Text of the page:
Crypto Winter Strikes Again, Leaves Gaping Hole In Bithumb’s Side
Crypto Startup Bithumb Slammed
Since getting hacked in the middle of 2018, Bithumb, South Korea’s largest crypto asset exchange, has been struggling. The so-called crypto winter, which started to bare its fangs late last year, has only exacerbated the startup’s qualms.
Bithumb’s situation purportedly came to a head just recently, with CoinDesk reporting that the company has unveiled plans to cut upwards of half of its staffers. Citing an unnamed executive from the company, which has plans to go live on the New York Stock Exchange through a reverse merger, the 300-man headcount will be cut to 150. It was explained that as the platform’s trading volume has decreased, Bithumb is enlisted “internal measures” to mitigate further economic damage.
A startup representative made it clear that the 160 purged from their roles won’t be left out to dry, however. He/she remarked that Bithumb’s former employees will have access to “assistance and training for job placement,” but wasn’t clear on what the details of said program would entail. It was added that Bithumb will continue to hire staffers for “various new businesses.”
While the South Korean firm has been suffering, the local crypto economy could soon see a revival on a monumental scale. Kakao, a leading social media giant in the region (44 million users in a nation of 51.5 million), is rumored to have plans to unveil a native cryptocurrency wallet for its Talk application, a popular instant messaging platform. This offering, which is purported to come alongside a blockchain platform named “Klaytn,” could spark a second wave of cryptocurrency adoption in the Asian nation, which has embraced blockchain with open arms.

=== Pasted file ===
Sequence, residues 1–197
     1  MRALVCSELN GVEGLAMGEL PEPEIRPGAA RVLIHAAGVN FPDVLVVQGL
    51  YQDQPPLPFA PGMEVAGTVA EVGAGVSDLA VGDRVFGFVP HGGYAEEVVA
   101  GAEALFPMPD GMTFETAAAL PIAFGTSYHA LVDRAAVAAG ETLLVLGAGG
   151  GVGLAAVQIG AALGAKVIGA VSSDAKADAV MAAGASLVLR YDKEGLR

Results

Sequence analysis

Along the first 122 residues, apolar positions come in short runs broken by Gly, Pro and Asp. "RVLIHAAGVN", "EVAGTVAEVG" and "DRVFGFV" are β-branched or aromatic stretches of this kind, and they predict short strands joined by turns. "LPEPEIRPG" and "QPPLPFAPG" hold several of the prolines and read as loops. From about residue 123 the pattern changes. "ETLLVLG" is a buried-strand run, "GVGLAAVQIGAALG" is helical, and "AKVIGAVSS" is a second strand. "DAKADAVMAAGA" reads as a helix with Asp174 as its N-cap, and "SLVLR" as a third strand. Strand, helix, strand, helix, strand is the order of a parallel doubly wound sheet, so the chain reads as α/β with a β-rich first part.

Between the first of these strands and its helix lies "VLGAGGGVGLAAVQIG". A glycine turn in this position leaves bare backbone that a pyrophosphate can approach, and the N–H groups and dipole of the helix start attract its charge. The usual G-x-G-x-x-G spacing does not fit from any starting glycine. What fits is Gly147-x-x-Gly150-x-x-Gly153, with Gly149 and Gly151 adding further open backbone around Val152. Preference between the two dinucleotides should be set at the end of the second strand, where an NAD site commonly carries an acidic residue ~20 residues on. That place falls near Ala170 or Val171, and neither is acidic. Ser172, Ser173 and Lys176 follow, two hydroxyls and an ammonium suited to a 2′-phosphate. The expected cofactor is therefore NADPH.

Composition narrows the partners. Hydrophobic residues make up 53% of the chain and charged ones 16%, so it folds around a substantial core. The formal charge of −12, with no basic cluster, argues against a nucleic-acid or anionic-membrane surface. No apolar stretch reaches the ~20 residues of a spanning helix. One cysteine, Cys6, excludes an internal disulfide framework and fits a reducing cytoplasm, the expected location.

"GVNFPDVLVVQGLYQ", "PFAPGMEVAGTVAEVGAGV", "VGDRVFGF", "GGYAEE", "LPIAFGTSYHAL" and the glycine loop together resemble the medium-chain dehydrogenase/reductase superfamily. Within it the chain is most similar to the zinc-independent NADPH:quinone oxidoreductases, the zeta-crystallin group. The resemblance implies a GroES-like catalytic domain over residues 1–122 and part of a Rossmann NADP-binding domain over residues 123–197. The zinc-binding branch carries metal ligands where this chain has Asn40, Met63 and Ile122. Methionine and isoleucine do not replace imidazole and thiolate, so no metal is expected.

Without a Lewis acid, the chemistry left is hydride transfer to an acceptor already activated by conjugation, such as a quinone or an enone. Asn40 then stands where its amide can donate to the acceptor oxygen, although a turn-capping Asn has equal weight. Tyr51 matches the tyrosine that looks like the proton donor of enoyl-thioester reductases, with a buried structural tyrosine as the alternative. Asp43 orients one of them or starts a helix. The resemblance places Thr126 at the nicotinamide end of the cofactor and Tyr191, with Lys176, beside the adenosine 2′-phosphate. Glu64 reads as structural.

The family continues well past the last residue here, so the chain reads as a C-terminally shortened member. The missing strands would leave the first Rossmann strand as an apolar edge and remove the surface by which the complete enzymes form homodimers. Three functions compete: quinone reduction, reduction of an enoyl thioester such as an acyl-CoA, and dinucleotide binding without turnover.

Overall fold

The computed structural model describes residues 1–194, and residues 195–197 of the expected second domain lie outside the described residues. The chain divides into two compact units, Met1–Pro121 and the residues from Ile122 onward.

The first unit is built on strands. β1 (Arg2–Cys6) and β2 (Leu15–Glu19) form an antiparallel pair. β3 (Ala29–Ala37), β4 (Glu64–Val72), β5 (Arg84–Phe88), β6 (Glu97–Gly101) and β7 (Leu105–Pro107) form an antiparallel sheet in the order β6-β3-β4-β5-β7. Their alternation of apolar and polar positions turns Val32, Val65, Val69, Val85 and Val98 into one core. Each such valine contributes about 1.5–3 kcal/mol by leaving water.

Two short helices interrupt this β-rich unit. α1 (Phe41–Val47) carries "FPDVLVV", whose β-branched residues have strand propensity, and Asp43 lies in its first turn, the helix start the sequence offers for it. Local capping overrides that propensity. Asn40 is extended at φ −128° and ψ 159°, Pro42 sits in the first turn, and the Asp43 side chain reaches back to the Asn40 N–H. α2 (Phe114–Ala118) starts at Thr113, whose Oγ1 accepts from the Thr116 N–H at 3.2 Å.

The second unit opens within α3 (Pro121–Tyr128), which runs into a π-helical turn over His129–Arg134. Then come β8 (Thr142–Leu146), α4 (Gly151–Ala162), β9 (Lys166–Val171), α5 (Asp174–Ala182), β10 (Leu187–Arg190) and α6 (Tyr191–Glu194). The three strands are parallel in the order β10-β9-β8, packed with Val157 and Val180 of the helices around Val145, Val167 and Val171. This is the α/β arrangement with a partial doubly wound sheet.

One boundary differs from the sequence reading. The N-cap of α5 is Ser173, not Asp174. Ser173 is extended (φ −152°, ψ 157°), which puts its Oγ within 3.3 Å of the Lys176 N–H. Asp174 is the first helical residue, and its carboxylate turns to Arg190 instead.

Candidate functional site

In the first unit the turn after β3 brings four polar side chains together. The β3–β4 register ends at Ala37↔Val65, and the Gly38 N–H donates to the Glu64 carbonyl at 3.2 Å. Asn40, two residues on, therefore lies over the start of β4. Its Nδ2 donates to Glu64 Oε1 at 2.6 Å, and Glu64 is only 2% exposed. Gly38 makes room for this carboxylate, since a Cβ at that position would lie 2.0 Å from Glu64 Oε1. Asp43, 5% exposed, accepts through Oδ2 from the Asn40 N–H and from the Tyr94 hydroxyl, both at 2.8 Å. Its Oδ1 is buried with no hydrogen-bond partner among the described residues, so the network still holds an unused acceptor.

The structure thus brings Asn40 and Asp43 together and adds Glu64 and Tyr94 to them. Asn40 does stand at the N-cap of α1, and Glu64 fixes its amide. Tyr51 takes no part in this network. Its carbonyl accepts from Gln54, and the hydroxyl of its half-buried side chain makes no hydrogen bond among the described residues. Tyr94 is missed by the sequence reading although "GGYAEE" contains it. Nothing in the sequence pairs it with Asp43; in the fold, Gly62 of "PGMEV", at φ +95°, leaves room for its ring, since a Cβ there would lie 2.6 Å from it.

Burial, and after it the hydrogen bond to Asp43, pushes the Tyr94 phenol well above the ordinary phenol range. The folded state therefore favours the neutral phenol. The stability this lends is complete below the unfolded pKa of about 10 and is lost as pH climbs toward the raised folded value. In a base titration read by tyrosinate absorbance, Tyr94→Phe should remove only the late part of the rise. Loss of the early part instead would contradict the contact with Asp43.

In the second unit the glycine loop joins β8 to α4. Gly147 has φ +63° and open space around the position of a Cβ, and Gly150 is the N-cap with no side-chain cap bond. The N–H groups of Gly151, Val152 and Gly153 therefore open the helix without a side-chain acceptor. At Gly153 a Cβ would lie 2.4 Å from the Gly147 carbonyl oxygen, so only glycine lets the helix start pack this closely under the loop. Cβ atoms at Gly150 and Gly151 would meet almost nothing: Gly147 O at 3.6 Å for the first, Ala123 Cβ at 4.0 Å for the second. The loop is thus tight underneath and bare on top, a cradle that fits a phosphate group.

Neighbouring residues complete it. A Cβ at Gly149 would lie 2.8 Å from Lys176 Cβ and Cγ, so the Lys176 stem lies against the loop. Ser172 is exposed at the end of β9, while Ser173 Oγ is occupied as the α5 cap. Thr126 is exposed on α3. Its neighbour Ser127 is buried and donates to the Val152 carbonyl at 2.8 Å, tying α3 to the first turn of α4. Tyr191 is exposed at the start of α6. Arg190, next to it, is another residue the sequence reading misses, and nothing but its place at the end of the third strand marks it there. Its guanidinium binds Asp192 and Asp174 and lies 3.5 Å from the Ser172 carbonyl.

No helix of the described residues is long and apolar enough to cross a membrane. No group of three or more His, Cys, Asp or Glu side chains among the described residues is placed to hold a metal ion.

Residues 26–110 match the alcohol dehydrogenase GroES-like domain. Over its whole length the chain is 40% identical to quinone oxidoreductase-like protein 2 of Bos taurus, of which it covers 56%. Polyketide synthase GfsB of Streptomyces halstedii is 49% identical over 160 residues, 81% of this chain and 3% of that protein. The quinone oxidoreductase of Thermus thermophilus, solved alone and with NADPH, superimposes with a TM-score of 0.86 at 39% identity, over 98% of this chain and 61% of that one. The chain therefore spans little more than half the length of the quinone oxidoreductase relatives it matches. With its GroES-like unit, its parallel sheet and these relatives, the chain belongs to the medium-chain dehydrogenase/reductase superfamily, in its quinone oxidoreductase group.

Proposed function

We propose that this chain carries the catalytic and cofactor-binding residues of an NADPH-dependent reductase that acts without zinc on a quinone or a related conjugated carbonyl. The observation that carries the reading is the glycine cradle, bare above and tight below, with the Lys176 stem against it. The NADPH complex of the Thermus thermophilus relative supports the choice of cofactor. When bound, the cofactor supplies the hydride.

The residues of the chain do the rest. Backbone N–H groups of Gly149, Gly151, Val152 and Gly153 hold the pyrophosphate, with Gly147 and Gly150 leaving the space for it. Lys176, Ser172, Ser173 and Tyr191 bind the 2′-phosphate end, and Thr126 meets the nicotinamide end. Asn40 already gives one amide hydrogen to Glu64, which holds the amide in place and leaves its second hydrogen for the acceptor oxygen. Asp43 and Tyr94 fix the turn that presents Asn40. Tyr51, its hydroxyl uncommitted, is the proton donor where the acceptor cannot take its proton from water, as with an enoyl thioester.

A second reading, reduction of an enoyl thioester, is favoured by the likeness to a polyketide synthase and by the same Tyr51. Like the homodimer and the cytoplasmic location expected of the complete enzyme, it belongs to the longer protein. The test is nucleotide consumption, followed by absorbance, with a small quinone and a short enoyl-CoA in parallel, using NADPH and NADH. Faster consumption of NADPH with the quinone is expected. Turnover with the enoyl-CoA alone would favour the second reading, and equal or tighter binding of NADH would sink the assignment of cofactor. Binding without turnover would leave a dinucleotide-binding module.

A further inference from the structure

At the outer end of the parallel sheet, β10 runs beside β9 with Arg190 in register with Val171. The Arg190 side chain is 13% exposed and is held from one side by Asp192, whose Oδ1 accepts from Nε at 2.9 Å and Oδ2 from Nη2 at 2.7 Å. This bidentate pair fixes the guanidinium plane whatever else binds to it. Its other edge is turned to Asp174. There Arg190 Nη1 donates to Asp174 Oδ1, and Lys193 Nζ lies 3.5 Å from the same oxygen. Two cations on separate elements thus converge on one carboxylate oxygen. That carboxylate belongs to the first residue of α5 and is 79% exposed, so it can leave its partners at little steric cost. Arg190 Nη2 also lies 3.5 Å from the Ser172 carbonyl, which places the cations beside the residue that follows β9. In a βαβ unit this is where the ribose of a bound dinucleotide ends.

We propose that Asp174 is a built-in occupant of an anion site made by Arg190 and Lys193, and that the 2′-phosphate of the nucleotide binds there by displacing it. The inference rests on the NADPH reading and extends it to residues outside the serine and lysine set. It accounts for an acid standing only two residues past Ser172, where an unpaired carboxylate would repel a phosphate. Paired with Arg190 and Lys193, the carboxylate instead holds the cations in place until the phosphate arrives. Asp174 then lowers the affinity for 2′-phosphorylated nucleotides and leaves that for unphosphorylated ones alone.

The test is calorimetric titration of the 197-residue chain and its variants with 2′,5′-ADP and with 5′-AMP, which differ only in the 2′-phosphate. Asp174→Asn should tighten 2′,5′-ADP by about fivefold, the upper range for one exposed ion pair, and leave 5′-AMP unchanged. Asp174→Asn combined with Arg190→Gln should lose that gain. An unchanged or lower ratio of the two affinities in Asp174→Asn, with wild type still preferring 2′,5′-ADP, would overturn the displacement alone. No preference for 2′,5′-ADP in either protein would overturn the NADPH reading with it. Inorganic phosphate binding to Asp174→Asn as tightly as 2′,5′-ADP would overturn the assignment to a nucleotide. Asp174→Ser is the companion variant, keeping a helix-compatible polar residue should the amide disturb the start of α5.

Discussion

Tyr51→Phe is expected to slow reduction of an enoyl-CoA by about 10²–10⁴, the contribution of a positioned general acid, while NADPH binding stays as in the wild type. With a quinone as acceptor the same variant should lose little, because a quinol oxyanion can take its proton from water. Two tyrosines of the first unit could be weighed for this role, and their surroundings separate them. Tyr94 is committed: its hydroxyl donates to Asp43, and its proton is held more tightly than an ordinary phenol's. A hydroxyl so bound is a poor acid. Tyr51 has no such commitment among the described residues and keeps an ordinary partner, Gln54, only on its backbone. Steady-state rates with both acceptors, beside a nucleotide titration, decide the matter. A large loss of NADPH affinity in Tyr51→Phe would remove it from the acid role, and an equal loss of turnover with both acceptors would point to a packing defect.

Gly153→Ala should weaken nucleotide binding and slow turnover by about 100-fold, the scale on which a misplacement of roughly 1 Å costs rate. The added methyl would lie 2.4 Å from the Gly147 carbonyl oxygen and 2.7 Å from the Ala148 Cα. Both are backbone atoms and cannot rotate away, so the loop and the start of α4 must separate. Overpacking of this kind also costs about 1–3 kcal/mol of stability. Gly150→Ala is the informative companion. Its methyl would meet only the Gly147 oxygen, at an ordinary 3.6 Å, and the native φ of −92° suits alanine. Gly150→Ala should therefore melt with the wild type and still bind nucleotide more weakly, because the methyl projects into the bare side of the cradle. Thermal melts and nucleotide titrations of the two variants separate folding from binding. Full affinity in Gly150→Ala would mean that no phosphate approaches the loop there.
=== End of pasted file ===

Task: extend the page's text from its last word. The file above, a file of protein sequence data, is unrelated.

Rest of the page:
Layoff After Layoff
Even if Bithumb is able to get back on its feet through an uptick in local adoption, it’s been mostly doom and gloom for many global startups.
Mere weeks ago, First Digital Assets Group (FDA), a blockchain application group based in Tel Aviv, was revealed to be dropping most employees from its payroll. As a part of this refresh, FDA will purportedly be totally purging its industry research division, One Alpha. The Israeli upstart will also be putting its K1, Stamina, Titan, and Knox ventures on the backburner, merging a majority of these subsidiaries’ facets with the parent group.
This is just the tip of the layoff iceberg though. ShapeShift laid off 37 staffers, with CEO Erik Voorhees explaining that his firm expanding into alternative opportunities, like KeepKey and CoinCap, too quick. Bitmain was rumored to have cut over 1,000 employees, cutting of a number of its facets and even Jihan Wu to stay afloat. And the NEM Foundation, the organization that heads development of the XEM digital asset, cut 60% of its monthly burn rate, presumably cutting a few dozen of its 150-strong employee base.
Funnily enough, some see these layoffs as mandatory. Travis Kling, the CIO of Ikigai, explained that prior to Bitcoin rallying again, the industry needs more layoffs, exchange collapses, stringent regulation, and cries that “crypto is dead.”